Kierkegaard’s Arguments Against Objective Reasoning In Religion

The Monist 60 (2):228-243 (1977)
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Abstract

It is sometimes held that there is something in the nature of religious faith itself that renders it useless or undesirable to reason objectively in support of such faith, even if the reasoning should happen to have considerable plausibility. Søren Kierkegaard’s Concluding Unscientific Postscript is probably the document most commonly cited as representative of this view. In the present essay I shall discuss three arguments for the view. I call them the Approximation Argument, the Postponement Argument, and the Passion Argument; and I suggest they can all be found in the Postscript. I shall try to show that the Approximation Argument is a bad argument. The other two will not be so easily disposed of, however. I believe they show that Kierkegaard’s conclusion, or something like it, does indeed follow from a certain conception of religiousness—a conception which has some appeal, although for reasons which I shall briefly suggest, I am not prepared to accept it.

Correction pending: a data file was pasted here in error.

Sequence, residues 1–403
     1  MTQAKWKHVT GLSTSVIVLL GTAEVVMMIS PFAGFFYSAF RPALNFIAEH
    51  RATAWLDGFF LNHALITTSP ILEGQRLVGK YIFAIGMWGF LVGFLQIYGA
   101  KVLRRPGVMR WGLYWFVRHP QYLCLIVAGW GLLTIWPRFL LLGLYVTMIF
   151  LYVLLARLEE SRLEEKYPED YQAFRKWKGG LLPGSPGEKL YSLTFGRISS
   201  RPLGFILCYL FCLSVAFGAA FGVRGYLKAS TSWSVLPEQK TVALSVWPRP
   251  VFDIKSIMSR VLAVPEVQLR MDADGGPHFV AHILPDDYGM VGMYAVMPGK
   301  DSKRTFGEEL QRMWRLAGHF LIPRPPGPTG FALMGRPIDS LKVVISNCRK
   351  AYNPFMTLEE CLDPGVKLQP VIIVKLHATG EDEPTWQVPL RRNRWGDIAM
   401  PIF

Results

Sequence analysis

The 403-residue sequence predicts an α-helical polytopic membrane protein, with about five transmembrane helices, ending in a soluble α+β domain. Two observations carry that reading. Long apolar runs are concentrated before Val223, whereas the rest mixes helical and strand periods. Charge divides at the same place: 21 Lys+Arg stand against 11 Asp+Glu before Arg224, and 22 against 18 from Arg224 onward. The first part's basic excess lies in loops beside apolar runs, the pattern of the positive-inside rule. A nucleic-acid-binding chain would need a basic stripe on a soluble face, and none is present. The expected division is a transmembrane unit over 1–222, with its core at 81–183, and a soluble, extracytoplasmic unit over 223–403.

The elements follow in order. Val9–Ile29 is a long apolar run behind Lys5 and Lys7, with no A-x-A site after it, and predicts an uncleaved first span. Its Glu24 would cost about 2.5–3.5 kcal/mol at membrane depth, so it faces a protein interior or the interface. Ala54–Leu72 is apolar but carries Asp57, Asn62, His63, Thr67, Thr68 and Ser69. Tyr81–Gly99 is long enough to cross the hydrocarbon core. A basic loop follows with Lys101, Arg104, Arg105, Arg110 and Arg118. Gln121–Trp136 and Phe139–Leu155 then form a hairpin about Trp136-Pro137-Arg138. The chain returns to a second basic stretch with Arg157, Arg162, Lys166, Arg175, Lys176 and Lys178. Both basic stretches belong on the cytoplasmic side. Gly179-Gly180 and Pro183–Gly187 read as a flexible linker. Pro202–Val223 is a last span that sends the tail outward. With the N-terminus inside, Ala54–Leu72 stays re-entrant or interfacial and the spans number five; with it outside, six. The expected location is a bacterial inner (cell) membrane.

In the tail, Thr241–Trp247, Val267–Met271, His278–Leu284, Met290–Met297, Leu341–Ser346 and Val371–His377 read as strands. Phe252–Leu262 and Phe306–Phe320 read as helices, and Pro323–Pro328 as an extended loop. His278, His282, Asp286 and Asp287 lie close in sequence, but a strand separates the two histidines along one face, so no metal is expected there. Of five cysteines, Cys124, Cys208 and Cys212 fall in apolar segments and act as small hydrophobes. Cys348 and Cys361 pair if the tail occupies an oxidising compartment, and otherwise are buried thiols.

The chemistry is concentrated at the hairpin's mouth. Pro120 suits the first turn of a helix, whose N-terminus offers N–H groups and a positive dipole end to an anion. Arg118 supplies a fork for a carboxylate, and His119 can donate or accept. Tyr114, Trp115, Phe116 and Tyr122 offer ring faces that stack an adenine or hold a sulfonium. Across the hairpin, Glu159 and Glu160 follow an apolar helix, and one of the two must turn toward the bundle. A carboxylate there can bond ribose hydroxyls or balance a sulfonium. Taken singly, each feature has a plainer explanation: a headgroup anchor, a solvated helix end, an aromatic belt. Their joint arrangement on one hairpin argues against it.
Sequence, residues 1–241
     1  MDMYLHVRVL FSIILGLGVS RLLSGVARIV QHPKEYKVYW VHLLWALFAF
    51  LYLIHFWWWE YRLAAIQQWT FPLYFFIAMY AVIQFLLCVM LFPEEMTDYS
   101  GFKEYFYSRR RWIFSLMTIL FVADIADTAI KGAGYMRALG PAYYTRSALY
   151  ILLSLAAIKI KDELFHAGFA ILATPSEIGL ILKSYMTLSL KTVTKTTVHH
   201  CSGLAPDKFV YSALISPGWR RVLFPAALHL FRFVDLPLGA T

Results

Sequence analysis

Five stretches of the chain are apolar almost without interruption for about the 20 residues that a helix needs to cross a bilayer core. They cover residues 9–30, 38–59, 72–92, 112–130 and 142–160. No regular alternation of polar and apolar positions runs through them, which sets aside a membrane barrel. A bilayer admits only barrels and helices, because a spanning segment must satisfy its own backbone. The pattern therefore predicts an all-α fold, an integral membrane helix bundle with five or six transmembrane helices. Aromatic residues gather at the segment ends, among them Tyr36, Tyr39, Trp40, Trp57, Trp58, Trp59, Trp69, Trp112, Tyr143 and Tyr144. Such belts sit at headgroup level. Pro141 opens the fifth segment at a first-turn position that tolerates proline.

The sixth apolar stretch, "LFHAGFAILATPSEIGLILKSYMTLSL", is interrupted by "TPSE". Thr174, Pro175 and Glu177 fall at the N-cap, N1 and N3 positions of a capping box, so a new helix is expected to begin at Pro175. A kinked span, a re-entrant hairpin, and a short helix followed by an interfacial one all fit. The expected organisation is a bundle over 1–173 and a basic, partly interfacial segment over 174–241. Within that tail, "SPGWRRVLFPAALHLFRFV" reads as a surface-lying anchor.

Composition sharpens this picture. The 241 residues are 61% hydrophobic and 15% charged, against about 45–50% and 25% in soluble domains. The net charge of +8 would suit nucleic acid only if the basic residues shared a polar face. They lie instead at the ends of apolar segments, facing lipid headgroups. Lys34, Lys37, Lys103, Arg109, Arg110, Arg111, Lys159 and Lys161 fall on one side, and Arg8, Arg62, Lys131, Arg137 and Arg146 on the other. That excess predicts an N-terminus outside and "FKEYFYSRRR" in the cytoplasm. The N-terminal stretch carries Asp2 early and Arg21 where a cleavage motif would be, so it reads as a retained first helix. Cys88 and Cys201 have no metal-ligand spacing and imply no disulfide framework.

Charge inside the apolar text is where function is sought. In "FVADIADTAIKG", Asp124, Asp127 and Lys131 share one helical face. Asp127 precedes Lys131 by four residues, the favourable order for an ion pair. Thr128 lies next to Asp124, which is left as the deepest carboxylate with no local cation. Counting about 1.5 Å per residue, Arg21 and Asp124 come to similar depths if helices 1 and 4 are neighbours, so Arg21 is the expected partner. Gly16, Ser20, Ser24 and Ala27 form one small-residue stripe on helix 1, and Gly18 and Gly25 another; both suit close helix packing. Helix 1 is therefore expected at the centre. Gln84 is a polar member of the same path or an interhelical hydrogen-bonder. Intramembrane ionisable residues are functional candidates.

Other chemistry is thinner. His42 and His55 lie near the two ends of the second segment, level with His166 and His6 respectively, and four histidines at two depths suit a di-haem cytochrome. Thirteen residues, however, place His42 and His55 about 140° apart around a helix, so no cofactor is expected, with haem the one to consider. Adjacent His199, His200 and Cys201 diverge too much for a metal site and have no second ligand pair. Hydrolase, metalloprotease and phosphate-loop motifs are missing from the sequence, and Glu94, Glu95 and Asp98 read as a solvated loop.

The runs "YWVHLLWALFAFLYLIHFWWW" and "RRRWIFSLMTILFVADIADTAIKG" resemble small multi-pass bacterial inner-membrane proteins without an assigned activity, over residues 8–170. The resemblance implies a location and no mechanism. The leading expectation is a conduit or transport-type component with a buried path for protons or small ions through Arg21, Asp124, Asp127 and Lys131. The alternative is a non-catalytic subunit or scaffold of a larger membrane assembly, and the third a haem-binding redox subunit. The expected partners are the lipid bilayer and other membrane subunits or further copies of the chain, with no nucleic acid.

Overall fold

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Citations of this work

Can it be Rational to have Faith?Lara Buchak - 2012 - In Jake Chandler & Victoria S. Harrison (eds.), Probability in the Philosophy of Religion. Oxford, GB: Oxford University Press. pp. 225.
Resolving to Believe: Kierkegaard’s Direct Doxastic Voluntarism.Z. Quanbeck - forthcoming - Philosophy and Phenomenological Research.
Kierkegaard on belief and credence.Z. Quanbeck - 2024 - European Journal of Philosophy 32 (2):394-412.

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